Basal Cell Carcinoma
Skin cancers are the most common type of cancers, and there are three main types, which are divided into non-melanoma skin cancers, and melanoma.
The term ‘non-melanoma’ means cancers that develop slowly in the upper layers of the skin. These cancers are the more common types (basal and squamous cell carcinomas), whereas melanomas are rarer and can be more serious. Non-melanoma skin cancers (BCCs and SCCs) are still serious and require specialist medical attention and treatment, and this is why suspected pre-cancerous lesions should always be checked by a medical expert.
Non-melanoma skin cancers typically present in the outermost layers of the skin (also called the epidermis) and are frequently named after the type of skin cell from which they develop.
The term ‘basal’ does not always refer to skin cancer. Basal cells are present throughout the body, and are located at the bottom of the epidermis. They are constantly being shed and regenerating as part of the body’s natural processes.
In the case of basal cell carcinoma, the cancer forms in the basal cells that line the bottom of the epidermis - the thin, flat cells that make up the outermost layer of the skin.
Basal cell carcinoma is also known as a ‘rodent ulcer,’ because the cancer tends to ‘gnaw away’ at the skin, as though a rodent would. BCCs are the most common types of skin cancer - accounting for 75% of all skin cancers.
Symptoms of Basal Cell Carcinomas (BCC)
As non-melanoma skin cancer develops as a result of exposure to ultraviolet (UV) light, it most often presents in skin that has been regularly exposed to the sun – on the face, ears, hands, shoulders, upper chest and back. However, the popularity of unhealthy exposure to UV light – whether sunbathing on holiday, or the use of harmful tanning beds – means cancer may develop in other areas.
The first sign of a non-melanoma skin cancer is typically a lump, bump or discolouration in a small- to medium-sized patch that appears on the skin, and doesn’t resolve itself after 4 weeks of monitoring. This is known as a suspicious growth, which needs to be investigated by a doctor. Suspicious growths may also develop over time, changing shape, size or colour.
Basal cell carcinomas typically present as a small shiny pink, or pearly white lump, which may have a ‘waxy’ or translucent appearance. In roughly half of patients with darker skin tones, basal cell carcinoma will be pigmented (brown).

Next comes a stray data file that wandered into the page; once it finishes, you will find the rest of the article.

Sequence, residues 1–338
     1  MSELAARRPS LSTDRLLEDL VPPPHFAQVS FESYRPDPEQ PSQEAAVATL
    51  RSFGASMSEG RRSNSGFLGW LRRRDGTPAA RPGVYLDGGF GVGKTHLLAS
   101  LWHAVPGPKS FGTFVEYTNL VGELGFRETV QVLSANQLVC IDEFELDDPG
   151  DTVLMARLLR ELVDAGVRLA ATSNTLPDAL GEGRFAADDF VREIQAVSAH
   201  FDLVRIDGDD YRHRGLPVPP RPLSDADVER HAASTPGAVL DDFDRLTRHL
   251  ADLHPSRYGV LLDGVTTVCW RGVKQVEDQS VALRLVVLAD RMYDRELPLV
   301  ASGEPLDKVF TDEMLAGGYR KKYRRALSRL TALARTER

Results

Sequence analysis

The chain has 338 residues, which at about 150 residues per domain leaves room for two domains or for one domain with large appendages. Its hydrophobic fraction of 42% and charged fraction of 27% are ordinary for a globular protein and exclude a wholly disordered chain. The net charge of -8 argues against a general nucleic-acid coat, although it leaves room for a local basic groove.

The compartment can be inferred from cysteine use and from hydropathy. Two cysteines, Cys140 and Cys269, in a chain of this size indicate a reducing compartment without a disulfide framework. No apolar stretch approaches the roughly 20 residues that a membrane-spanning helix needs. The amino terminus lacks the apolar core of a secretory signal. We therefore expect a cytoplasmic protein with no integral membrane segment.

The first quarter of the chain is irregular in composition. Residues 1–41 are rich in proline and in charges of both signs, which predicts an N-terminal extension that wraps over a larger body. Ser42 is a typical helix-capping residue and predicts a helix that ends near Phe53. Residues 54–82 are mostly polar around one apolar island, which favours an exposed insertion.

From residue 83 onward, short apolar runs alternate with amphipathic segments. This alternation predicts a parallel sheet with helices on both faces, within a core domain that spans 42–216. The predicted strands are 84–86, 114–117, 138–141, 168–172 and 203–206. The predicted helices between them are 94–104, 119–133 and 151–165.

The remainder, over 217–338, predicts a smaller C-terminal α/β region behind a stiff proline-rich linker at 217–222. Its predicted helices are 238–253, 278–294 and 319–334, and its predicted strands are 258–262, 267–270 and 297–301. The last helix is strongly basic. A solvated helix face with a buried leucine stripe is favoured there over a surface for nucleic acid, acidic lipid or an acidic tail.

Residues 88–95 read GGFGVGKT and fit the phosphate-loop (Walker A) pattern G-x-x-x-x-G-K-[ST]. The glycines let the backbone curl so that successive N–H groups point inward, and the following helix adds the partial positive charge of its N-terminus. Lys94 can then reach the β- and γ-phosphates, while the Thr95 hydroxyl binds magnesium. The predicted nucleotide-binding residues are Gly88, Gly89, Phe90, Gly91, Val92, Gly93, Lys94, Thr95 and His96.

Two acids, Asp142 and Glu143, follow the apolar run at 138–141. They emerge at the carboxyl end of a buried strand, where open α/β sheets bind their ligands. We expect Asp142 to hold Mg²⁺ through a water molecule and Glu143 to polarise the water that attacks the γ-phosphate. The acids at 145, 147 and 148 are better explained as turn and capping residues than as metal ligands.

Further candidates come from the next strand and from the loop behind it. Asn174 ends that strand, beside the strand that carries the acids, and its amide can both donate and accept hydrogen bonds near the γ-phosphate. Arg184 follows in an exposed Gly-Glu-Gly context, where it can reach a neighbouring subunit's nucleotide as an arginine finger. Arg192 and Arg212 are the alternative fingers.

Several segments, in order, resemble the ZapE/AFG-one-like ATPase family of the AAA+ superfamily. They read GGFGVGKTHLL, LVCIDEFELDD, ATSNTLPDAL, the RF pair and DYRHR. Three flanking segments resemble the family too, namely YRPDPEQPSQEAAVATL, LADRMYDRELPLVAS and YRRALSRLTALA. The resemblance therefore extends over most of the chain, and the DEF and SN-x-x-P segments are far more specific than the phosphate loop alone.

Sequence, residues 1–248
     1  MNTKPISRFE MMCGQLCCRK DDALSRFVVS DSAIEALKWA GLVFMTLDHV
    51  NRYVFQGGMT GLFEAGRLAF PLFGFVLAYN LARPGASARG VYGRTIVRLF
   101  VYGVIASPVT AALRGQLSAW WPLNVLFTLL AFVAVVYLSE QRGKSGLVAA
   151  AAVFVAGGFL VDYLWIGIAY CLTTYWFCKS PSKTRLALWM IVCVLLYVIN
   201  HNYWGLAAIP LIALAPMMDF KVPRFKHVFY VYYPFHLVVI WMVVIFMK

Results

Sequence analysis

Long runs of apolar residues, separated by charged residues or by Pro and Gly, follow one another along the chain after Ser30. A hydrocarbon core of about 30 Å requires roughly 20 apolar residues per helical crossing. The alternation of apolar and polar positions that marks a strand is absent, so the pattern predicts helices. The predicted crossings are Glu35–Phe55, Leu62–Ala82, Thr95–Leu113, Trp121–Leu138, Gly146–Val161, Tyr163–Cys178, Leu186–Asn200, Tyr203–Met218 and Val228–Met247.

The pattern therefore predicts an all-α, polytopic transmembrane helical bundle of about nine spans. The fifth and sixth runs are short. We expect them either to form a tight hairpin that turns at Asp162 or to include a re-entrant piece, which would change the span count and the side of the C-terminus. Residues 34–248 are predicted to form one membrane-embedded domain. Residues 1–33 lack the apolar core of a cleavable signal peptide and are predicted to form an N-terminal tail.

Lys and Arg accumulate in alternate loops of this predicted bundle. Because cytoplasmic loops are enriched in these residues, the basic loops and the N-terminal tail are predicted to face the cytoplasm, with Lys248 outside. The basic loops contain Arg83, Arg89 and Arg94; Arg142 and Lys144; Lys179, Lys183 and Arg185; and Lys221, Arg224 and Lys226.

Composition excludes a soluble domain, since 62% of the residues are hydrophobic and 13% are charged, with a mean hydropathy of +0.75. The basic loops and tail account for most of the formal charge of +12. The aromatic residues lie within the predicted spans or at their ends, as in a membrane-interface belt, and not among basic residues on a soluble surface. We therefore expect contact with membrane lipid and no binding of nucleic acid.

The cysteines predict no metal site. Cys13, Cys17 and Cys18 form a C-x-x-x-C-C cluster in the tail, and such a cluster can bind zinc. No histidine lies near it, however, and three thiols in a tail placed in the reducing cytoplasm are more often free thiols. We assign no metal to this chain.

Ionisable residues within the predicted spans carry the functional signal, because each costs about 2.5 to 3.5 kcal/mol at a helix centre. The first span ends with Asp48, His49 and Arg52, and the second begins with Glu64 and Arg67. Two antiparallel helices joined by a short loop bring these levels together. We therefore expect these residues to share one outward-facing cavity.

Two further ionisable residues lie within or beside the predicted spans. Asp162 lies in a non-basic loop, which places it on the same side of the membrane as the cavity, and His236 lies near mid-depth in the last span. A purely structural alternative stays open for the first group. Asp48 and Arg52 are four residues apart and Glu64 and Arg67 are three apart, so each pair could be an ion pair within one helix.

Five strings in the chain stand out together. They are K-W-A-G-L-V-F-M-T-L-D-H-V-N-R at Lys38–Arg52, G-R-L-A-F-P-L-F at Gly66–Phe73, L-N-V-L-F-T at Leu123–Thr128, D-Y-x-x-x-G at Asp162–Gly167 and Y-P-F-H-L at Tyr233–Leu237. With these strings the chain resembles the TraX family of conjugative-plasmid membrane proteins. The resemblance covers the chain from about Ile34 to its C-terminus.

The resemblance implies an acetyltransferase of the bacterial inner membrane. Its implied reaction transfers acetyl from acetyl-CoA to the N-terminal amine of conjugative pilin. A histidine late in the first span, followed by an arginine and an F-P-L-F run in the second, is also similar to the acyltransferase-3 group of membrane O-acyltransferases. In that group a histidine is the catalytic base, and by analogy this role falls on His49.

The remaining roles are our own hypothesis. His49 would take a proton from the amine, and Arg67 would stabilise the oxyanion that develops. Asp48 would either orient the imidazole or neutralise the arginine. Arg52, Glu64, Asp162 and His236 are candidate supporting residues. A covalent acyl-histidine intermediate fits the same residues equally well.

If non-melanoma skin cancers are not treated, it is possible that they will cause significantly worse damage. Basal cell carcinoma does not typically spread to other parts of the body, but it can have a more ‘aggressive’ form.
It is important that you visit your GP if you are worried about a lesion, and they will refer you to a dermatologist for treatment if they feel this is appropriate. It is important to self-monitor for any changes, and follow up with your GP if you have been asked to keep an eye on a lesion and have any concerns.
Causes of Basal Cell Carcinoma
The primary cause of basal cell carcinoma is overexposure to ultraviolet (UV) light either from the sun, or from harmful artificial tanning practices, such as sunbeds or sunlamps.
The exposure to ultraviolet radiation can cause the DNA of skin cells (keratinocytes) in the outer layer of the skin to change, which allows the skin cells to grow out of control, developing into BCCs.
Factors that may mean someone has an increased susceptibility to basal cell carcinomas include;
Gender is also likely to play a role, as men are more susceptible to developing basal cell carcinomas than women.
Basal cell carcinomas can recur, and patients who have already been treated for BCCs are at increased risk of developing them again. This is because some cancer cells can be undetectable, even by skin cancer experts, and others can form ‘roots,’ extending beyond visibility. BCCs on the nose, ears and lips are most likely to recur, usually within two years.
Patients can manage their basal cell carcinoma by self-monitoring their skin for any changes, undergoing annual follow-up appointments, and being vigilant against lifestyle factors that increase risk.
While adhering to sun awareness advice – for example, staying out of the sun (especially during midday hours) and applying a broad-spectrum sunscreen - is best practice for everyone, patients who have previously had BCCs should take all precautions to avoid harmful UV rays. Staying in the shade, wearing a wide-brimmed hat and UV-blocking sunglasses outdoors are all recommended.
Treatment for Basal Cell Carcinoma at Derma
Your appointment with the dermatologist will begin with analysis of the affected area, and together you will discuss your medical history, before a course of treatment for basal cell carcinoma is recommended.
Many non-melanoma skin cancers can be treated by excision, which is a relatively painless procedure that can be performed efficiently and effectively. Depending on insurance, treatment can be carried out the same day as the consultation.
If basal cell carcinoma is recurrent, the dermatologist may recommend an alternate approach to excision, like MOHS surgery, which is a highly effective way of treating BCCs.
Please note that further tests – such as a biopsy – may be necessary. Follow-up appointments will be required to ensure that the BCC is properly treated, and your skin monitored for any changes, as having skin cancer is likely to increase susceptibility.
We see and treat more skin cancer patients than any other doctors in Reading, so you can be assured that Derma will provide the very best care, the latest research and the most effective treatments.
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